Although this assignment’s autograder tests the most common input issues and produces an initial score, this score is going to be overwritten by a manual review by the course staff. This manual review will ensure your code works not only based on the simple cases listed in the resulting tests, but also for other considerations listed in the RFC and for additional tests. TAs will also review your code quality in terms of clarity and use of comments.
In this assignment you will use the Java socket related classes to create a dictionary client. To get familiar with the socket library in Java, you are strongly encouraged to complete the Java tutorial lesson on Sockets. The EchoClient.java file, listed in the tutorial, may be particularly helpful as a starting point for your implementation.
Your program is to provide some basic dictionary functionality through a simple graphical interface. You will implement a subset of the client side of the DICT protocol, described in RFC 2229, which can be found here: https://tools.ietf.org/html/rfc2229.
To start your assignment, download the file Dictionary.zip. This file contains a directory called Dictionary which can be imported into IDEs like IntelliJ or Eclipse to develop your code.
The file above contains a skeleton code that provides a user-interface for the functionality you are to implement. The interface, however, does not actually establish any connection or transfer any data. Your job is to implement the connection establishment and data transfer for this application. More specifically, you will need to implement the code that performs each of the following tasks:
- Establish a connection with a DICT server, and receive the initial welcome message.
- Finish a connection with a DICT server by sending a final QUIT message, receiving its reply, and closing the socket connection.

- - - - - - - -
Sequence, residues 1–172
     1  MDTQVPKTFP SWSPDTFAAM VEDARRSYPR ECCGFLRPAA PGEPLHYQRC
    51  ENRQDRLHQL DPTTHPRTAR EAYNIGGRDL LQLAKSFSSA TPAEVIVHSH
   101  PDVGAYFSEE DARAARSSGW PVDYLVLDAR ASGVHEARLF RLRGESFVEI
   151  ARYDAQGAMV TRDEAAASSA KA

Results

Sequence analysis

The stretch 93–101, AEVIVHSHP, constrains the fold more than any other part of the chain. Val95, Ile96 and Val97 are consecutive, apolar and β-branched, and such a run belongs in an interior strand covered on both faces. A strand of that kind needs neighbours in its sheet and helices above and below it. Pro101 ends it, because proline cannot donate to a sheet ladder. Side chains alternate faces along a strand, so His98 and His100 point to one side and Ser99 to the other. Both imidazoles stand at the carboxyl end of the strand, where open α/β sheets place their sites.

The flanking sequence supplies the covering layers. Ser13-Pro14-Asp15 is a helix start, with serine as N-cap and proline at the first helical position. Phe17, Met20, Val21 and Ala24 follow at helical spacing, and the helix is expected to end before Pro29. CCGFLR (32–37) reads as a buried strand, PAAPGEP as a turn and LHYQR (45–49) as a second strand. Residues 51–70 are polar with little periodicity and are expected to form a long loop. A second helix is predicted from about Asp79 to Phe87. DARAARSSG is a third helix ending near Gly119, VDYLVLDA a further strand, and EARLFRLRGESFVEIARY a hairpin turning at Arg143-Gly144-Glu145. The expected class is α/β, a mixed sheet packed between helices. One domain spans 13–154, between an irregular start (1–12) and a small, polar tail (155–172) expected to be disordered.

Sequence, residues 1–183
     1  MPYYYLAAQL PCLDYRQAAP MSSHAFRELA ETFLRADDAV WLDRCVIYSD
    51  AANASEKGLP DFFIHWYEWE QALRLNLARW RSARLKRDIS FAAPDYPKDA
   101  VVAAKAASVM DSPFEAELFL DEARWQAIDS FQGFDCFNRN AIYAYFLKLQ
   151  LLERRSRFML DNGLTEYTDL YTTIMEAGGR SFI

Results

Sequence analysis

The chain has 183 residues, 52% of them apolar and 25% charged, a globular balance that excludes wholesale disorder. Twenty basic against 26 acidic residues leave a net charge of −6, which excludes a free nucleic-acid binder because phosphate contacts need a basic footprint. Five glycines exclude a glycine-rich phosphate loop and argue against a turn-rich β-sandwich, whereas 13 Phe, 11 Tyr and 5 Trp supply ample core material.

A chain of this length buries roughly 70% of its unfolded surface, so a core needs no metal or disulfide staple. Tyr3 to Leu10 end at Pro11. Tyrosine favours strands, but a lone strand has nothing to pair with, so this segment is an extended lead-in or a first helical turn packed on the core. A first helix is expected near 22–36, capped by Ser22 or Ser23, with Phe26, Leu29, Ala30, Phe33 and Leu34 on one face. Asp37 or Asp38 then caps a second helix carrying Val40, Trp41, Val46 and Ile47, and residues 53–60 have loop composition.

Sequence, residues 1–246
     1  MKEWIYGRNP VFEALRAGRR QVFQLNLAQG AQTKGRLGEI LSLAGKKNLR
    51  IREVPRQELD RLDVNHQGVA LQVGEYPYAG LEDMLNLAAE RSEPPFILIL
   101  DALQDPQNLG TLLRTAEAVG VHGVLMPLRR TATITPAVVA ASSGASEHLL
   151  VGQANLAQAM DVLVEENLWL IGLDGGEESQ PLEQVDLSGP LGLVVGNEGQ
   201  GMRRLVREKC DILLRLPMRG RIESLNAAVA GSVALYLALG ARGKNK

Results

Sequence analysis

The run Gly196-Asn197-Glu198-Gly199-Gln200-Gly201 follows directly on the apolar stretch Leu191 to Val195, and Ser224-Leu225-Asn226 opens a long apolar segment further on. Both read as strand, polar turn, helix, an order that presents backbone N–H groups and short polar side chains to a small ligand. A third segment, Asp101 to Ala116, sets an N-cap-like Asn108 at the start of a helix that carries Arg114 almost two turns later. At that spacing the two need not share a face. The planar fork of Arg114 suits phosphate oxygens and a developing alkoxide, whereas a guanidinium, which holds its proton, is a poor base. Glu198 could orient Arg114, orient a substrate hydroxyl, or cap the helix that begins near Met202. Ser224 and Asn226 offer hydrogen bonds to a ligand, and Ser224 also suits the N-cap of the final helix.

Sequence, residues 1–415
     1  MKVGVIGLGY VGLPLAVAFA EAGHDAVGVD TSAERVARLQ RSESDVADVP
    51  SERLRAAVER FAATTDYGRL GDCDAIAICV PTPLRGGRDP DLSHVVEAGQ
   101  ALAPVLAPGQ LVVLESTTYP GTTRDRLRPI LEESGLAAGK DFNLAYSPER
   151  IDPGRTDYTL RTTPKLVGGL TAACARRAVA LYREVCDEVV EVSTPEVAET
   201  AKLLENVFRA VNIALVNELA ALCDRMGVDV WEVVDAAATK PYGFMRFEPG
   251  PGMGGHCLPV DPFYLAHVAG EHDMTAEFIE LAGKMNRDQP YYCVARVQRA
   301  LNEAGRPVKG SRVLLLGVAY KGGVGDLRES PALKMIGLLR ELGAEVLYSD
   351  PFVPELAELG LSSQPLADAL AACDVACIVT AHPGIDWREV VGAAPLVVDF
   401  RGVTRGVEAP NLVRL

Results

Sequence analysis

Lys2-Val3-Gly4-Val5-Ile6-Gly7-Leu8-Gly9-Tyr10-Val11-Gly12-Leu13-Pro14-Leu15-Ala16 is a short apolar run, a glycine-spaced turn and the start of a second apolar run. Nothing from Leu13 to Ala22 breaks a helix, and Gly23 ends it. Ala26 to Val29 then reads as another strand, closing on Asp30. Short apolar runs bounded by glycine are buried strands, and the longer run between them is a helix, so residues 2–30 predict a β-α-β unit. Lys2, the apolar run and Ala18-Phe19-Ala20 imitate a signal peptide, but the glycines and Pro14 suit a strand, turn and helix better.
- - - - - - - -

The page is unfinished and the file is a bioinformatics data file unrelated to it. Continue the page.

- Requesting, receiving, parsing and returning a list of databases used in the server. Each database corresponds to one dictionary that can be used to retrieve definitions from. Examples include one or more regular English dictionaries, a Thesaurus, an English-French dictionary, a dictionary of technical terms, a dictionary of acronyms, etc. In the interface, the user will have the option of selecting a specific database, or all databases.
- Requesting, receiving, parsing and returning a list of matching strategies supported by the server. The protocol allows a client to retrieve a list of matches (suggestions) based on a keyword, and the strategy is used to indicate how these keywords are used to present actual dictionary entries. Examples include prefix matches (all words that start with a prefix), regular expressions, entries with similar sounding words, etc. In the interface, the user will have the option of selecting a specific strategy for matching, with prefix match being the default.
- Requesting, receiving, parsing and returning a list of matches based on a keyword, a matching strategy and a database. This list of matches will be used in the interface to suggest entries as they type a word.
- Requesting, receiving, parsing and returning a list of definitions for a word, based on a database. Each definition will correspond to the word, a database, and the definition itself, which may contain several lines. All definitions are listed in the interface in the order in which they are received.